Q: Give buried.com your biography, in a nutshell...
STEVE: The short answer is that I'm a painter, who wanted to tell stories. The stories took various forms but I've settled in on sequential art as the vehicle.
The long answer is that I grew up in the NJ burbs and have been an artist my whole life. I went through a fantasy art kick for a while but by mid high school really started focusing on portraiture. I went to college at The School of Visual Arts in NYC and was a fine art major...which gave me lots of freedom but not a whole lot of preparation for the outside world. After graduation in 1994 I started getting an inkling that I needed to get a computer and learn how to use it, both to make a living and also to try out some ideas which I thought would work better drawn on the computer. The computer snowballed into graphic design, web design and being the Art Director of a magazine publisher. During that time I was also creating illustrations on the computer and was slowly building up to drawing full sequential books. The truth is, I'm a sloppy person and paint is forgiving which is not so much the case with drawing or inking. The computer helped me move forward into areas, like sequential art, which I would have probably steered clear from otherwise.
Q: BLESSED THISTLE deals with real-life horrors, namely a bunch of mentally unbalanced individuals. How did the idea for this graphic novel come about?
STEVE: I had originally pitched a couple of the ideas ("Autograph" and "Terrible Terrible") to a writer (Chris Kirby) as potential stories for him to write (me to illustrate) in his anthology "Bride of Freakshow". He decided to go with his own stories but I kept my ideas in the back of my mind for later. When Dark Horse announced the New Recruits contest it seemed like the perfect time to clear the dust off those shelved ideas. I started with the basic plot for "Autograph" and "Terrible Terrible", treating them as interconnected narratives. "Concerning Ms. Cooper" grew out of an interest in exploring the teacher's life and also to give the audience a more tangible character to aid in the cathartic conclusion of "Terrible Terrible". Ms Cooper's story lead to adding "In Vivo" as a way to relate the impetus of Ms. Cooper's odd behavior. Underlying this framework is the central theme, questioning the nature of God's relationship to His creation, be it active, passive or inert. "Autograph" initializes this theme in a direct way and then the subsequent stories address it indirectly.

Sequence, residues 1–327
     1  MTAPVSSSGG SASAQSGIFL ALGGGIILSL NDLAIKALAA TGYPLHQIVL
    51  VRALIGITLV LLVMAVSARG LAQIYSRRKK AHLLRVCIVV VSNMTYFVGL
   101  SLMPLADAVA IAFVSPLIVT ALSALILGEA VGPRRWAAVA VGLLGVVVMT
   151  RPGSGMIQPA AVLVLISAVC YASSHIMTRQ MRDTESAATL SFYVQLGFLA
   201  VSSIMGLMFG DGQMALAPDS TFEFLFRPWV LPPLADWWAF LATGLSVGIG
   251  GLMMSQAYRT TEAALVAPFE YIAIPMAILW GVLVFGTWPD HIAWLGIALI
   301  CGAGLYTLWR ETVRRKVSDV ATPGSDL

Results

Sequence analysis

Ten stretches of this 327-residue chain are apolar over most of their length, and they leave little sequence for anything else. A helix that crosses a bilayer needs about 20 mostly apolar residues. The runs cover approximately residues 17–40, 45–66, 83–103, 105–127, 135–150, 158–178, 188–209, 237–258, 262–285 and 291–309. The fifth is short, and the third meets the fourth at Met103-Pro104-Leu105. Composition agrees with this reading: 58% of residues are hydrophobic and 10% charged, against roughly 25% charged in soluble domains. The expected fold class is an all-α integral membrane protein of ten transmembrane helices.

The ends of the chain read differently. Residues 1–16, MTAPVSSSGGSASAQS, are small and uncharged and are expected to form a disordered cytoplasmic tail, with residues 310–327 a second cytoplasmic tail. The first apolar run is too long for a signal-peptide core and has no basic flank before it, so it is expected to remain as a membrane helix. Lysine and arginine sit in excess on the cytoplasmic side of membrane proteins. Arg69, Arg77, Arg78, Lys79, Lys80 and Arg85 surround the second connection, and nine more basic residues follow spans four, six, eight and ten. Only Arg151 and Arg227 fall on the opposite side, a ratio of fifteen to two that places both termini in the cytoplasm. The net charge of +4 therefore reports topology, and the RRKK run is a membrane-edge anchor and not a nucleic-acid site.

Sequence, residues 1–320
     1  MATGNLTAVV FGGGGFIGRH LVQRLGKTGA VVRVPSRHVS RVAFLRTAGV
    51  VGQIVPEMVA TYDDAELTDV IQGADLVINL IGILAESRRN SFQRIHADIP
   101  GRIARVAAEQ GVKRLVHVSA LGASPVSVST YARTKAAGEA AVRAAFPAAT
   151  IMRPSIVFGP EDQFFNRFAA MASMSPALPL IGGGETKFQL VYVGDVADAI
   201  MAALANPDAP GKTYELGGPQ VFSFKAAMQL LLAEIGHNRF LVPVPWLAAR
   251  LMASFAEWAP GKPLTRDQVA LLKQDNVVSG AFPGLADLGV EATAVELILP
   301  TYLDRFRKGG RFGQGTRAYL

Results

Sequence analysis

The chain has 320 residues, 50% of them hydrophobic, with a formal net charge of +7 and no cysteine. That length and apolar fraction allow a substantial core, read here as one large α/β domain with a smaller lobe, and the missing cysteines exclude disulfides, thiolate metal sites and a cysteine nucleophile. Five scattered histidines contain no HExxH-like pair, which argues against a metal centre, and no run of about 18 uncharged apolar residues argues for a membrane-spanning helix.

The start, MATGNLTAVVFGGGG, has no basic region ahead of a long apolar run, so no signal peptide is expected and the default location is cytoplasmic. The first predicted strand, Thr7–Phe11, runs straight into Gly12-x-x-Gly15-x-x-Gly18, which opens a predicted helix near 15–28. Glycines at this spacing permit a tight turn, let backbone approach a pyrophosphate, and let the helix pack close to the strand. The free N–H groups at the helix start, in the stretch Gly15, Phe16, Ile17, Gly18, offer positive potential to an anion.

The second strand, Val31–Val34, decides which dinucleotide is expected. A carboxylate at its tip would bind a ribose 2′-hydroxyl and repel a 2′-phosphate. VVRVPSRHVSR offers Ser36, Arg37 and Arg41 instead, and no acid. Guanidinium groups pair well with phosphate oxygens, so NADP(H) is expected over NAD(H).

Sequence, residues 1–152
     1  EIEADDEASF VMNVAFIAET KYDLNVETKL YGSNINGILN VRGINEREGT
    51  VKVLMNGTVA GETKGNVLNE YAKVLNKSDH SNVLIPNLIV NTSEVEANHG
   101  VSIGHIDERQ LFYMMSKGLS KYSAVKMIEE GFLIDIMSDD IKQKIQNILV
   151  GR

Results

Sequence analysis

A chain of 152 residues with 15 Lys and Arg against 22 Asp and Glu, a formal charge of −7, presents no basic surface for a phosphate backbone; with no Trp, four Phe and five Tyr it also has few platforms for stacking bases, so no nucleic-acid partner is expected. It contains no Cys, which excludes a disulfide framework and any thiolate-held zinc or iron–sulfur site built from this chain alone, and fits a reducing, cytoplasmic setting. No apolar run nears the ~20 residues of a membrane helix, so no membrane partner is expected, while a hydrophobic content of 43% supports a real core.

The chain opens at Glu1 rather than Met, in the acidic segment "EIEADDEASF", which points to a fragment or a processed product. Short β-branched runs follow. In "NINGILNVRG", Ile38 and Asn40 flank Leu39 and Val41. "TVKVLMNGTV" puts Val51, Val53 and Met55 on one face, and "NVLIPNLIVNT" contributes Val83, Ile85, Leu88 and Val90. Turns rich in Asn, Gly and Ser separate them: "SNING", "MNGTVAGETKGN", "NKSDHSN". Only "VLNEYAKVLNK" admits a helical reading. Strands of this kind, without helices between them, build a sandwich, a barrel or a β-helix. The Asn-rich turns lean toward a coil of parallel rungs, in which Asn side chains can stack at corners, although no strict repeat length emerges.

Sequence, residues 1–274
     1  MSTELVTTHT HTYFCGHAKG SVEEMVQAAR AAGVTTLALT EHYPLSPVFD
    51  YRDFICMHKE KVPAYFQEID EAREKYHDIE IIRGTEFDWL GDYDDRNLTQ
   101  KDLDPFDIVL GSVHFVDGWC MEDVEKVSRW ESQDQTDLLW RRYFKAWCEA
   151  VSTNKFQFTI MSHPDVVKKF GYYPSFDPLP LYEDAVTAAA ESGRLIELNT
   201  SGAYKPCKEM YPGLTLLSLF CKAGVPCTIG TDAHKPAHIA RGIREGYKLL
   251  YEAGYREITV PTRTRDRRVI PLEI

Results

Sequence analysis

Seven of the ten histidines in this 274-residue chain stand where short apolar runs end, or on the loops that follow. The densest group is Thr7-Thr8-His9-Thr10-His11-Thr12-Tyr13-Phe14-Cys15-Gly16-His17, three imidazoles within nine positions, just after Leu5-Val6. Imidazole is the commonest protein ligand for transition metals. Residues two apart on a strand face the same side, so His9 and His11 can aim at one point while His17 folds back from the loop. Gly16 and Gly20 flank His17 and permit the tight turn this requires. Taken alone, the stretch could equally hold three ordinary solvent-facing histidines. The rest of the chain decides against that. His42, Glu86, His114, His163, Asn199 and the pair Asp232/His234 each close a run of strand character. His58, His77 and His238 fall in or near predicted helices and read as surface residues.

Q: There are several stories interwoven-which is your favorite tale and why? Who is your favorite character?
STEVE: From a writing standpoint Autograph was the most meaty and complex and pushed me to play with multiple levels of subtext. I also like to write wordy and "Autograph" was not short for verbiage. On a base level I enjoy "Terrible Terrible" because Abbey is an archetypal villain...she's over the top and completely self centered but she still has a certain deviant charisma which keeps her palatable. I think Murry is my favorite character from a intellectual standpoint because he operates in a very subtle way and his manipulations are meant to leave his target with the sense that they are acting of their own mind. Abbey manipulates as well, but often in a very obvious way. She enjoys letting people know that they're being manipulated by her and that there isn't allot they can do about it. For her, the manipulation is the end game while for Murry it's only a means to an end.
Q: When you work, do you think of the visual first or do you write the script first? Or do they go completely hand-in-hand?
STEVE: When I write, the visuals are always playing in my mind, although I don't format the text into panels and pages until I'm completely done with the scripting. I'm not sure where one starts and the other ends. I've had stories inspired by purely visual dreams and I've had art inspired by abstract concepts. I try to let them develop off one another and I'll often keep adjusting each as I find nuances between them that can help add more depth.
Q: Given a choice between the do, would you prefer to illustrate or write?
STEVE: I think I would stick with the art because I can better gauge my competency with it. It's also easier to make money as an artist than a writer. But visual art can be very time consuming and demands that you stay glued to a canvas or computer to make it. Part of what I enjoy about writing is that fact that I can do it anywhere. I can be standing in a checkout line at a deli and write scenes of dialogue in my head, there's a mobility and freedom that just doesn't exist with visual art. I guess it's hard for me to say which I actually prefer, they both satisfy something in me, which neither can alone.
Q: What else are you working on right now or in the near-future?
STEVE: I've been focused on the writing of stories. Both are horror related, but one is a fairy tale and the other leans more to the real world. They are both about double the size of Blessed Thistle and I plan on using different styles of art for both.
Q: How can people order a copy of the graphic novel or contact you?